• Cognitivie deficits
  • Headaches
  • Dizziness
  • Depression
  • Suicidal Thoughts
  • Fatigue
  • Sleep Problems
  • Irritability
  • Anxiety
  • Bipolar Disorder
  • “Punch Drunk”
  • Panic Disorder
  • Social Phobia
  • Intermittent Explosive Disorder

Chronic Traumatic Encephalopathy (CTE)

Chronic Traumatic Encephalopathy (CTE) is a progressive degenerative disease associated with multiple concussions and other forms of head injury. It is most commonly associated with individuals who have played contact sports or had combat injuries during their military service.

CTE can only be positively diagnosed postmortem. Not all experts agree on how little or much head trauma can cause CTE or the mechanism of injury. A recent study was completed by Dr. Ann McKee at the Boston University CTE Center to determine the neurological and clinical features of 202 deceased American football players of all ages and levels of play.

87% of the athletes were diagnosed with CTE.

Of the 202 studied, 48 of the 53 college football players received a positive diagnosis. 110 of the 111NFL athletes were also positively diagnosed. Dr. McKee identified “severe” disease in 56% of the college athletes and 86% of the professionals. This data demonstrates a clear correlation betweenCTE and participating in football.

The NCAA’s Responsibility to Players’ Safety

The NCAA and all its member institutions present themselves as a governing body that will look out for and advance the goals of student athletes. The NCAA dictates rules and legislation to its member conferences and schools, and these protocols are supposed to be designed to protect athletes.Almost every aspect of the students’ lives are also controlled, from the times they can practice to their healthcare, even the meals they eat.  Students and their parents entrust the NCAA with the health and well-being of young men and women, and the NCAA willingly assumes a duty to protect these athletes.  Yet the NCAA remains frustratingly silent on concussions, sub-concussive hits and head injuries, some of the most vital issues of player safety.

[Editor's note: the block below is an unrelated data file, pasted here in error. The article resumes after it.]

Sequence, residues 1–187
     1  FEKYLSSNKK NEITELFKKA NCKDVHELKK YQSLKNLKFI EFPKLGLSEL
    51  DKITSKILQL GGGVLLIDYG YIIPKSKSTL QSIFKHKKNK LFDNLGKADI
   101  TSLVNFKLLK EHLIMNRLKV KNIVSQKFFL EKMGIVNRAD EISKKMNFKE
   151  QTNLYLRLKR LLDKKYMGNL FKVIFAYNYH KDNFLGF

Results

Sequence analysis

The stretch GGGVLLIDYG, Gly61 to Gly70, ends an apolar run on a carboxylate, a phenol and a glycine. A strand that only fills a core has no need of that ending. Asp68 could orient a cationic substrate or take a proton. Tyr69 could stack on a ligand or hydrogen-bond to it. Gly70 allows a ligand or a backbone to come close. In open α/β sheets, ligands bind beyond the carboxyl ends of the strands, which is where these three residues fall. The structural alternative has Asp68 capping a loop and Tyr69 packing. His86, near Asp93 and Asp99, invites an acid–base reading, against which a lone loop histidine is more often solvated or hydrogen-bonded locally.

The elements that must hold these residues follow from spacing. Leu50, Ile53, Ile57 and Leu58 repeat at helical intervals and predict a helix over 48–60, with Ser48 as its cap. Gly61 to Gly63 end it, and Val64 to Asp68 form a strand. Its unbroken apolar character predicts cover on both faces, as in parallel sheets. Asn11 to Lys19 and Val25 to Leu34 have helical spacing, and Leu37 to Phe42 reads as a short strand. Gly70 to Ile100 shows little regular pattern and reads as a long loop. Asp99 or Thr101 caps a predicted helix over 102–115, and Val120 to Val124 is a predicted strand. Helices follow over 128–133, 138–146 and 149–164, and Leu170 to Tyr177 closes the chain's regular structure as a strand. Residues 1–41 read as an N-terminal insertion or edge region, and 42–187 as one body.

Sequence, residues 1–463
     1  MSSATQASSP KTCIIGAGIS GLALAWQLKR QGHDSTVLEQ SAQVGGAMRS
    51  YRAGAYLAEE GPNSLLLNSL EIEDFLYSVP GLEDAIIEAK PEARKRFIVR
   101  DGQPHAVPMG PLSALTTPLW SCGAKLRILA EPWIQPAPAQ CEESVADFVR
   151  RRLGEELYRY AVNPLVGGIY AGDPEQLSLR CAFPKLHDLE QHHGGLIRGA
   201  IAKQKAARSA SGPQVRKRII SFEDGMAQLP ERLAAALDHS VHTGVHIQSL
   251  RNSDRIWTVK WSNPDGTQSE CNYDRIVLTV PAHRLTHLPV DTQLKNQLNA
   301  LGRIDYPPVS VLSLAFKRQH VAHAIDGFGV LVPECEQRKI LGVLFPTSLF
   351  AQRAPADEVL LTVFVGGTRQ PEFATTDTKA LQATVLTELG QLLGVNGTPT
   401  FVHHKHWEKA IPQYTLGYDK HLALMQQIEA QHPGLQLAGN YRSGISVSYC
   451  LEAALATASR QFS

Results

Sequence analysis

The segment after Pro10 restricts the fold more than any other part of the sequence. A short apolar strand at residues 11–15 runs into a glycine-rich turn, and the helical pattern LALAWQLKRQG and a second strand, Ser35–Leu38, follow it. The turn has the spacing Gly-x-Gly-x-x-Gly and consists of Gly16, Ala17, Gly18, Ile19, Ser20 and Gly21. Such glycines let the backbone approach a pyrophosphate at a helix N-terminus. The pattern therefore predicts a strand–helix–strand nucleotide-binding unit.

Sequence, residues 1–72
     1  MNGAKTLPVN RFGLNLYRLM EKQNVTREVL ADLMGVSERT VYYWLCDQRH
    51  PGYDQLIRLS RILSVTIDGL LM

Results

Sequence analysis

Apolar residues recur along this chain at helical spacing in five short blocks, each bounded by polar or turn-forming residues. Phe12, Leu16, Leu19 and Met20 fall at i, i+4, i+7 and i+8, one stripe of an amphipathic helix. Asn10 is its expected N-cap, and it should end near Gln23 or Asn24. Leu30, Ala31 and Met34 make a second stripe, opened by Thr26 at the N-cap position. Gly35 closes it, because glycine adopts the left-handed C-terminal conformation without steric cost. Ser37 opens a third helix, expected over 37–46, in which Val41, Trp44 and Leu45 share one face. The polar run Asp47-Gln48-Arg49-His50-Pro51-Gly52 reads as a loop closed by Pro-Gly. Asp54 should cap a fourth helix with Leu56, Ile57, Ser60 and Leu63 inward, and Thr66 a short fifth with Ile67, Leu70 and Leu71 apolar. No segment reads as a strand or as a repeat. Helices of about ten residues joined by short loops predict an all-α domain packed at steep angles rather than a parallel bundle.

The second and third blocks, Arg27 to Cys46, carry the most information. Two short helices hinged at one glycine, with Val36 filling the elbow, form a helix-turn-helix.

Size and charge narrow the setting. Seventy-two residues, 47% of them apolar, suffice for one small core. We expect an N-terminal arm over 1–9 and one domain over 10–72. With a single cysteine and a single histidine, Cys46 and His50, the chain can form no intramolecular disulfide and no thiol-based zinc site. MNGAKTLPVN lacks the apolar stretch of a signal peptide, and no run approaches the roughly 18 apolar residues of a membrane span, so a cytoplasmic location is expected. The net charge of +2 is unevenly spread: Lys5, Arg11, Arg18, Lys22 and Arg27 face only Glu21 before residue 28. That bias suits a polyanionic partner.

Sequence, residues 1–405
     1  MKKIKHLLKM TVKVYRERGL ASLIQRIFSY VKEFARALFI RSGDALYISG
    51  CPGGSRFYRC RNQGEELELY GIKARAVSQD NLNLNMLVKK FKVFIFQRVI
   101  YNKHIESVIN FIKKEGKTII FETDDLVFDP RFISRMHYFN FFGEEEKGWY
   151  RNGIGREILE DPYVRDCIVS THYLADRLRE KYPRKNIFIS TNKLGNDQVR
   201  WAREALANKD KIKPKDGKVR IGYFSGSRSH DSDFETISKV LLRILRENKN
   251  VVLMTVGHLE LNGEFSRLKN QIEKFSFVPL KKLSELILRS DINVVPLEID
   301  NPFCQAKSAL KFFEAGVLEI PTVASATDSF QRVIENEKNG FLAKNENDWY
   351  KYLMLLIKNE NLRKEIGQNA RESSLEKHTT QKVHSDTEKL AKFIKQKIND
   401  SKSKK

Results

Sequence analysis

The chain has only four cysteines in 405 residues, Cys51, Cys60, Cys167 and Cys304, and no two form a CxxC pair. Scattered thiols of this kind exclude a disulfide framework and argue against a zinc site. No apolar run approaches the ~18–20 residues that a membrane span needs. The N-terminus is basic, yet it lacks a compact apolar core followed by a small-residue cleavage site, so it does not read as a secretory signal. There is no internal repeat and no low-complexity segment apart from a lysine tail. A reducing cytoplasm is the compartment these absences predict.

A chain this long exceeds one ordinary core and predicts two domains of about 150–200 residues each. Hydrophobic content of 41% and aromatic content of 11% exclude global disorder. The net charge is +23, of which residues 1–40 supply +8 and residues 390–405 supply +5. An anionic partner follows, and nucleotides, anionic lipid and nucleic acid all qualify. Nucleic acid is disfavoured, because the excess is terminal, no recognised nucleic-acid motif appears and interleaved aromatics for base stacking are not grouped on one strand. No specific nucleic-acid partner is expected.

For 2015-16, the most recent year for which audited numbers are available, NCAA revenue was a record-breaking $996 million, most of which came from the rights agreement with Turner/CBS Sports. The only money put towards a brain injury program similar to the NFL’s was a $400,000 donation to research brain trauma in 2013. That amount is less than half of the salary of a bowl game CEO.

The NFL has agreed to pay $765 million to fund medical exams, concussion-related compensation,medical research for retired NFL players and their families, and litigation expenses. The NFL has setup protocols for concussions and suspected concussions while slashing practice time, all to prevent head injuries. Yet the only class action settlement the NCAA has reached to date involves medical monitoring that will not result in any monetary compensation to athletes who sustained personal injuries.

Contact our NCAA Lawyers Today

If you or a loved one have experienced brain trauma as a result of a head injury while playing for a NCAA regulated team, please contact the attorneys at Raizner Slania. The NCAA has an obligation to protect student-athletes, not to be a silent party to their injuries.